Bulletin Letter September 21

Dear Parishioners, +JMJ

I thought I should explain to you why I decided to have the altar servers carry torches at the reading of the Gospel, rather than having the torches lit by the ambo (pulpit) throughout the entire Mass. The main reason is to highlight the Gospel as the center of the Liturgy of the Word. For Catholics, because the Gospel recounts the actual words and actions of Jesus, the Gospel is the center of Sacred Scripture. The other readings–from the Old Testament, the Psalms, the Epistles, etc.–are truly Sacred Scripture; but they all point towards, prepare for, or derive from Jesus Christ, whom we observe in the Gospels. All of these other parts of the Bible ultimately depend on the Gospel. One might say that torches at the Gospel and torches at the altar help us draw the connection between the Savior we read about in the Gospel and His Real Presence on the altar after the words of consecration.

On another note… you might consider whether you use Holy Water enough in your homes. It seems to me I do not have to refill the Holy Water supply in our vestibules as often as I did in previous parishes. It is a fine practice to have a holy water stoop in your bedrooms, or in another main room of the house, perhaps near the entrance. St. John Vianney had one strapped right to his bedpost! You can use the water to bless yourself, or to sprinkle in the home from time to time.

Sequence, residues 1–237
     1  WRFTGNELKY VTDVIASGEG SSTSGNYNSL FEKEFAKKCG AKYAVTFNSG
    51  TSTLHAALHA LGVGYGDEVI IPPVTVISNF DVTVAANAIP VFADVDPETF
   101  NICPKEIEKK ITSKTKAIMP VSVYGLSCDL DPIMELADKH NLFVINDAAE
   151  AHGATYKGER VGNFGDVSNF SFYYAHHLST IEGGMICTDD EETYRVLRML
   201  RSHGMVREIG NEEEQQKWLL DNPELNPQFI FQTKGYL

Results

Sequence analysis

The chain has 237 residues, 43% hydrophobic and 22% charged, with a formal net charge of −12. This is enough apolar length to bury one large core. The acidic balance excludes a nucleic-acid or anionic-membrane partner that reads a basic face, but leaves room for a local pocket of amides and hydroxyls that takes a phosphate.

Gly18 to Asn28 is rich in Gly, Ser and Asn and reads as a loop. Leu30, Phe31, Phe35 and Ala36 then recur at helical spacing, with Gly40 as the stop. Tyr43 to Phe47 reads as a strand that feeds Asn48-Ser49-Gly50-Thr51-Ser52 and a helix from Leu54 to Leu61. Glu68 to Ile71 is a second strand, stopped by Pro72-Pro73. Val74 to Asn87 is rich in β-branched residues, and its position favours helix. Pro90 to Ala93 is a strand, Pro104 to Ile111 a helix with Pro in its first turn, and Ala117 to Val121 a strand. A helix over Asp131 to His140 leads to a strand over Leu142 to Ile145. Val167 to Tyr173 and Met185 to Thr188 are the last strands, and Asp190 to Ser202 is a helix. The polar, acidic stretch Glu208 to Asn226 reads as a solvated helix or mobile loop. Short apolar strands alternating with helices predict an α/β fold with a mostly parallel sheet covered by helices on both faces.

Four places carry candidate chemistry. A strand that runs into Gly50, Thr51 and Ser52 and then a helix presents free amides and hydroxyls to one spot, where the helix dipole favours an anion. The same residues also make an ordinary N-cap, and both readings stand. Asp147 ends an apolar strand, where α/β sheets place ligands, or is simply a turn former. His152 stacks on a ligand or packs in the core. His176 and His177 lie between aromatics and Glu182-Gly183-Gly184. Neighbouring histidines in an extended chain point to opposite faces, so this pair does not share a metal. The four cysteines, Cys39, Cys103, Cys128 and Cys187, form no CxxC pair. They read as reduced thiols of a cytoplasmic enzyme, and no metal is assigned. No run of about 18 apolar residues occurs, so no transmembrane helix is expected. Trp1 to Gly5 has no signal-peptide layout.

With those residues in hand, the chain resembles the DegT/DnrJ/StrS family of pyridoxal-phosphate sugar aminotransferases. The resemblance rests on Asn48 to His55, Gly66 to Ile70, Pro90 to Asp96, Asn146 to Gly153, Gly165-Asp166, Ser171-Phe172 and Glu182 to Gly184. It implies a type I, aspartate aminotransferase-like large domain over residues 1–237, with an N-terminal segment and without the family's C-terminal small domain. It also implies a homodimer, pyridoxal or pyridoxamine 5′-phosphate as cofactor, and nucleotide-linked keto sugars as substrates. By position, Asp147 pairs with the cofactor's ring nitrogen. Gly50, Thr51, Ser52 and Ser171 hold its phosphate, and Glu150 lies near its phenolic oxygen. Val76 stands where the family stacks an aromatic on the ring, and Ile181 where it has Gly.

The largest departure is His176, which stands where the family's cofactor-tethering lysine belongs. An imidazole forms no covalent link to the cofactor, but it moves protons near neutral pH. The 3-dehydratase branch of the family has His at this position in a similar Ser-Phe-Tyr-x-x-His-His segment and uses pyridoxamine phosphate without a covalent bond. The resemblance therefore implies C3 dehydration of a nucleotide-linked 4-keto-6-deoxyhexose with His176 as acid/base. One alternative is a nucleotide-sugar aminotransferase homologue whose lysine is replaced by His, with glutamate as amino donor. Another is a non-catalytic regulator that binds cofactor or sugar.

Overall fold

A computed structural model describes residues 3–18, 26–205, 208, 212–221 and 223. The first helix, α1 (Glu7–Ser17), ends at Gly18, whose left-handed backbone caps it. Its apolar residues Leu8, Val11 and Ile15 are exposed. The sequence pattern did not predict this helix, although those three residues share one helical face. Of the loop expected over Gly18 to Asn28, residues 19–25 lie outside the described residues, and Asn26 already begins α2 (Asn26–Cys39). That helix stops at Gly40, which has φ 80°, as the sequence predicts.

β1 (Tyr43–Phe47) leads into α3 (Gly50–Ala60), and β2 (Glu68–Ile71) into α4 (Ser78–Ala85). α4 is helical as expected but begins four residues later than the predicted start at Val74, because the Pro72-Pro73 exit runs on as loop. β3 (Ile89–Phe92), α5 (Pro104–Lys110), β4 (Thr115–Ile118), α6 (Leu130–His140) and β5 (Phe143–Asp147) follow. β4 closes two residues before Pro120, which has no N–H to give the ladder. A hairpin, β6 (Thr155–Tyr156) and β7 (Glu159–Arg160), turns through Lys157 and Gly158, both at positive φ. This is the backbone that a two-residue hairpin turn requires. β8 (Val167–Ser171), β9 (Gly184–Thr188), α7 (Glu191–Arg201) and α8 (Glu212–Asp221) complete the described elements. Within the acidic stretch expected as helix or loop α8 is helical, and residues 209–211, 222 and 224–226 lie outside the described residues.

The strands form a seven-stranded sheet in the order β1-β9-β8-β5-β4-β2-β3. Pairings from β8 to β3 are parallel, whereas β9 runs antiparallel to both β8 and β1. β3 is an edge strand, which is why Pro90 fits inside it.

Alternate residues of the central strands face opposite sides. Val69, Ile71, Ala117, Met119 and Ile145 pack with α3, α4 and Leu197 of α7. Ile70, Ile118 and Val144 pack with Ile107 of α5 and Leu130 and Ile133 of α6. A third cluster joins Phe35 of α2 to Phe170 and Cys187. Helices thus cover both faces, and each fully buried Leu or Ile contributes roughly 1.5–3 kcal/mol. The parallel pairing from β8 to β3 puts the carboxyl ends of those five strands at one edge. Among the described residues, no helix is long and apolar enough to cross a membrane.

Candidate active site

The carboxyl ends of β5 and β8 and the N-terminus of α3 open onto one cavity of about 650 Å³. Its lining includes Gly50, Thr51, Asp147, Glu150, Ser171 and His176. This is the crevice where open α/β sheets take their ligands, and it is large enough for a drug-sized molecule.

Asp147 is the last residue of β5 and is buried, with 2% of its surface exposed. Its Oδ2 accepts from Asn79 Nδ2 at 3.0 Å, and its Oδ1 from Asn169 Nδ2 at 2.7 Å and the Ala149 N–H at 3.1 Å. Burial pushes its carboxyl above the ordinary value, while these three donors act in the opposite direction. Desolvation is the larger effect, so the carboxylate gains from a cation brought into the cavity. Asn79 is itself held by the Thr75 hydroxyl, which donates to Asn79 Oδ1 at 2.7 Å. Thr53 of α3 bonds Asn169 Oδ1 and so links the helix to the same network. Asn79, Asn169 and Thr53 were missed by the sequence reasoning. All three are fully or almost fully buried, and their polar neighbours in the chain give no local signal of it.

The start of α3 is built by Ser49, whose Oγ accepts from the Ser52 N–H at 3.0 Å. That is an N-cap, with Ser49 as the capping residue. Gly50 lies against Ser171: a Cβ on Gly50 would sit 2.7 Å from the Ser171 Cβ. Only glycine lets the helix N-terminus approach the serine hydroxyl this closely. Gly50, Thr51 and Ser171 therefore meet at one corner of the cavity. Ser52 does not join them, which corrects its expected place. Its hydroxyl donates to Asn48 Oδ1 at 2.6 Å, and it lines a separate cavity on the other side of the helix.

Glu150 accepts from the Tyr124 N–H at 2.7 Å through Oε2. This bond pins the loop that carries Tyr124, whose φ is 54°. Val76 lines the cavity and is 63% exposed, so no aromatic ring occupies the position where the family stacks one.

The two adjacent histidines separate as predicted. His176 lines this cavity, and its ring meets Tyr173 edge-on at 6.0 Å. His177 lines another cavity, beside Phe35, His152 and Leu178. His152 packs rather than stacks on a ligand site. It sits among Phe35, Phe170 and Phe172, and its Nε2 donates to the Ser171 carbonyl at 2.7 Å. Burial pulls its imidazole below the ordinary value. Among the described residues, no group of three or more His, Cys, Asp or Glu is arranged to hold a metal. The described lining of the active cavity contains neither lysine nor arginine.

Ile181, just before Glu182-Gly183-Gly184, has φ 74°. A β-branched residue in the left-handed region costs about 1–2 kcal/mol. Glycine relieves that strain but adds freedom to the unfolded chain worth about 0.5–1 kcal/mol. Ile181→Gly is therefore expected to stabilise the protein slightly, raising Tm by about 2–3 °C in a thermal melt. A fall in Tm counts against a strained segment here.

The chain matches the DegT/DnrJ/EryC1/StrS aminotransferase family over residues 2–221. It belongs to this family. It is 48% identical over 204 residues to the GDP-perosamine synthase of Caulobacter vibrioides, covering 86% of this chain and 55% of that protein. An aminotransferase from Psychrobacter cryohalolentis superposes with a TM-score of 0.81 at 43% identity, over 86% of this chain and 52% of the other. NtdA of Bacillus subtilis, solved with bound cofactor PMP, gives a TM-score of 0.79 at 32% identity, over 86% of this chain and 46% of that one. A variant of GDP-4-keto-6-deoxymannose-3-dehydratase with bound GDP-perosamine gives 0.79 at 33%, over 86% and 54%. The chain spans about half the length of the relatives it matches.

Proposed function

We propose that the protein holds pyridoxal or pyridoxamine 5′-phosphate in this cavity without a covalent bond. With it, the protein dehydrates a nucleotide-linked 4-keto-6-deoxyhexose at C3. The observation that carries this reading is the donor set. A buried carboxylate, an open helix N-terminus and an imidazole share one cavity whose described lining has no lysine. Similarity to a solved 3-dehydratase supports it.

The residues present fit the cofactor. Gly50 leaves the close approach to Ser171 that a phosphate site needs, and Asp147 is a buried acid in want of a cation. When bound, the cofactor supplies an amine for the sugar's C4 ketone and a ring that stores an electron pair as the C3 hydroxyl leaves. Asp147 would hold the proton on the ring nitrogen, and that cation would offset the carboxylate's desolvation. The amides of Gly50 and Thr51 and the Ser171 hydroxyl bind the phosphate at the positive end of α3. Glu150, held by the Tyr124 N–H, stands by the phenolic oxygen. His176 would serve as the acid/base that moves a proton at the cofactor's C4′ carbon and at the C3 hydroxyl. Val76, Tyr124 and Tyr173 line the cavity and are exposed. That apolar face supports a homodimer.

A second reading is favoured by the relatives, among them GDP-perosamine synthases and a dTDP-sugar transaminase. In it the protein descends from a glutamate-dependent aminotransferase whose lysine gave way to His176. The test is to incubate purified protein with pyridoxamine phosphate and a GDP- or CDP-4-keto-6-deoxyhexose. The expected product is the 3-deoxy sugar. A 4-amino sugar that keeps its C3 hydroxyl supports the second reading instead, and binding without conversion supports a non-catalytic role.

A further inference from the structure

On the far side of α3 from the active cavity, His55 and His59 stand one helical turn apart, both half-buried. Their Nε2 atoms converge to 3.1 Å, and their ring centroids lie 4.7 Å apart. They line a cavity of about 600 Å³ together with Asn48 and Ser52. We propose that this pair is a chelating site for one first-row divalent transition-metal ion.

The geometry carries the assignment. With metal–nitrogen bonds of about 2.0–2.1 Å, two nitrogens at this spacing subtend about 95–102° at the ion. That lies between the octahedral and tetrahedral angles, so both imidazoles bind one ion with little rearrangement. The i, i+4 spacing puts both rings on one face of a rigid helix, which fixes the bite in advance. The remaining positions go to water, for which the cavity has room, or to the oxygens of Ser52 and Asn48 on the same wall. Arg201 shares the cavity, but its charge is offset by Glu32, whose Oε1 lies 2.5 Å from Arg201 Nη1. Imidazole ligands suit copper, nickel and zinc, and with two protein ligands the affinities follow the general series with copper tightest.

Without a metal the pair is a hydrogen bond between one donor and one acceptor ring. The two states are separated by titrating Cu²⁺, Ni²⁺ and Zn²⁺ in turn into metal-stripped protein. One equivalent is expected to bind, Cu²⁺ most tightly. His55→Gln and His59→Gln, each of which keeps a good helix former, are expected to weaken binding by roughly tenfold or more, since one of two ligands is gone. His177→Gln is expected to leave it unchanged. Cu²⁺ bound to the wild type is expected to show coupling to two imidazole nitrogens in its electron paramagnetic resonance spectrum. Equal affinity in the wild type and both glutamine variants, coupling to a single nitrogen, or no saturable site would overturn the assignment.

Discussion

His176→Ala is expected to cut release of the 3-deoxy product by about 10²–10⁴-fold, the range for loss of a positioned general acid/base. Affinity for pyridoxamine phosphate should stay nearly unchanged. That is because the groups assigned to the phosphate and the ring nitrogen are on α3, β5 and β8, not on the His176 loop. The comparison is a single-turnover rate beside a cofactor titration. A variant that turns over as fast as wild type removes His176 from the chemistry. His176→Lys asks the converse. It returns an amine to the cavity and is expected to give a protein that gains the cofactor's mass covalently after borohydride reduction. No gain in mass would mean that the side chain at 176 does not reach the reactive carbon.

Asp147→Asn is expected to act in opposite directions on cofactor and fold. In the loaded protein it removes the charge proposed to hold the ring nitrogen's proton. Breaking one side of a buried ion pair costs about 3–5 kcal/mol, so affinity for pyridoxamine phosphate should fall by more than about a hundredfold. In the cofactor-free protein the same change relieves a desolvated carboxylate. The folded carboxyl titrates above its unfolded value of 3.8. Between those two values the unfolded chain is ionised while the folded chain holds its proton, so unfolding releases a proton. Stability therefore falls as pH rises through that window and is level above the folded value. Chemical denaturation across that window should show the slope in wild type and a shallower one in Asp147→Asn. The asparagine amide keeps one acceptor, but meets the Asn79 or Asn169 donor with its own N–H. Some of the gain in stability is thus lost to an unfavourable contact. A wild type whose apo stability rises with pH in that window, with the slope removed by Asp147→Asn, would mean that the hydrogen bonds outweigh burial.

As your pastor, I would love to see Holy Water being used more often in your homes. To entice you, perhaps it would help you to know that I am using what has affectionately come to be known in some circles as “the real recipe” for making the Holy Water. That is to say, I am using the old Latin rite which has several parts to it. The priest first exorcizes the salt to seize it from any contact with darkness or the demonic. [The exorcisms are to be done in Latin.] Then the salt is blessed. The same two steps–exorcism and blessing–happen for the water, using the following words:

God’s creature, water, I cast out the demon from you in the name of God + the Father almighty, in the name of Jesus + Christ, His Son, our Lord, and in the power of the Holy + Spirit. May you be purified water, empowered to drive afar all power of the enemy, in fact, to root out and banish the enemy himself, along with his fallen angels. We ask this through the power of our Lord Jesus Christ, who is coming to judge both the living and the dead and the world by fire. All: Amen.

O God, who for man’s welfare established the most wonderful mysteries in the substance of water, harken to our prayer, and pour forth your blessing + on this element now being prepared with various purifying rites. May this creature of yours, used in your mysteries and endowed with your grace, serve to cast out demons and to banish disease. May everything that this water sprinkles in the homes and gatherings of the faithful be delivered from all that is unclean and hurtful; let no breath of contagion hover there, no taint of corruption; let all the wiles of the lurking enemy come to nothing. By the sprinkling of this water may everything opposed to the safety and peace of the occupants of these homes be banished, so that in calling on your holy name they may know the well-being they desire, and be protected from every peril; through Christ our Lord. All: Amen.

Finally, the salt is added to the water, making the Sign of the Cross, and the whole mixture is blessed again. The old rite packs a punch into the holy water that the new rite simply does not contain. So, take advantage of the “real recipe” holy water in our vestibules and narthex. Feel free to take some home with you.

Have a blessed week!

In cordibus Iesu et Mariae,

Fr. Poggemeyer